The credit card “game,” as I call it, is rich with opportunities to extract huge value out of your loyalty programs. But while earning points (and bonuses) on airline or hotel-branded cards is great, nothing beats the value of “transferable points” currencies. These are AMEX Membership Rewards points, Chase Ultimate Rewards points, Citibank ThankYou points, and (to a lesser extent) Starwood Preferred Guest hotel points. The reason they’re so valuable, is that - unlike their co-branded counterparts - these points can be transferred to several different airlines/hotels, instead of being locked in to just one.

For example, both AMEX Membership Rewards and Citibank ThankYou points can transfer at a 1:1 ratio (or better) to over a dozen airlines! The trick though, is to think outside the box when it comes to redemption. Instead of just redeeming directly with AMEX (for example) at a $0.01 valuation on each point, transfer them to a partner airline and book yourself an amazing international first or business class ticket directly with them. This way, the value of your points goes from a measly $0.01 each, to a beastly $.07 or more.

But don’t think that you’re locked in to flying on whatever airline you transferred the points to. No, no no! Thanks to airline alliances (and non-alliance partnerships), transferring to “airline x” actually gives you access to fly on even more airlines. One of my favorite examples of that is AMEX’s partner All Nippon Airways (“ANA”), a Japanese airline. While most people have no intention of flying on ANA, what they don’t know is that you can book a round-the-world award with their miles, including up to eight stopovers - flying on any of the 27 Star Alliance partners - in business class for as little as 115,000 miles. Now that is what I call “maximum value.”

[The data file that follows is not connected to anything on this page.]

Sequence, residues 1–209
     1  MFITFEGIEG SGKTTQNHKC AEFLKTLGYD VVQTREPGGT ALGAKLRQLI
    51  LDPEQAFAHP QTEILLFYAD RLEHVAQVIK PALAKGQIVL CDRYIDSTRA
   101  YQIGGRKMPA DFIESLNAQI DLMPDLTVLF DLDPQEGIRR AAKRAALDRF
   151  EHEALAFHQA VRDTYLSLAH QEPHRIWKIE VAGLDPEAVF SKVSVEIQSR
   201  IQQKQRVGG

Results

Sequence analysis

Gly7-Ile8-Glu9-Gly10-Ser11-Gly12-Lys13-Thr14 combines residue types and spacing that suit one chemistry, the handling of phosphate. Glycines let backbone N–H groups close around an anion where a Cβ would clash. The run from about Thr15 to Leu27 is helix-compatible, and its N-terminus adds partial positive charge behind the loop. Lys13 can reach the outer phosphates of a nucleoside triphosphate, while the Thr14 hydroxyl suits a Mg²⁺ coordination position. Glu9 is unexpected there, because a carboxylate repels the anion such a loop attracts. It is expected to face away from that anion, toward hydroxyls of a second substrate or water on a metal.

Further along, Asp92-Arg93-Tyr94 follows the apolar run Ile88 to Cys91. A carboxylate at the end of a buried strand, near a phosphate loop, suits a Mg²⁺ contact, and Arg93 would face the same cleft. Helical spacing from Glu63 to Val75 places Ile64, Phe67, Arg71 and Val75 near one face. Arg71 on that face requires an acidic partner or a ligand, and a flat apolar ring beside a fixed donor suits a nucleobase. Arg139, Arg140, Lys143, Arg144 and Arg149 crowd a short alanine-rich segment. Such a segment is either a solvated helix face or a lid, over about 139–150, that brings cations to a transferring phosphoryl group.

Gerri Detweiler - Head of market education for Nav. Coauthor of Finance Your Own Business: Get on the Financing Fast Track.

Consider a Small Business Credit Card

If you have a small business-- or even a side hustle-- consider getting a small business credit card. Many of these cards offer lucrative rewards, including generous sign up and category bonuses. These benefits alone may help you earn rewards faster than you would with a consumer card. You may also be able to achieve status with an airline, hotel or rental car company more quickly. That can earn you perks like free checked bags or upgrades.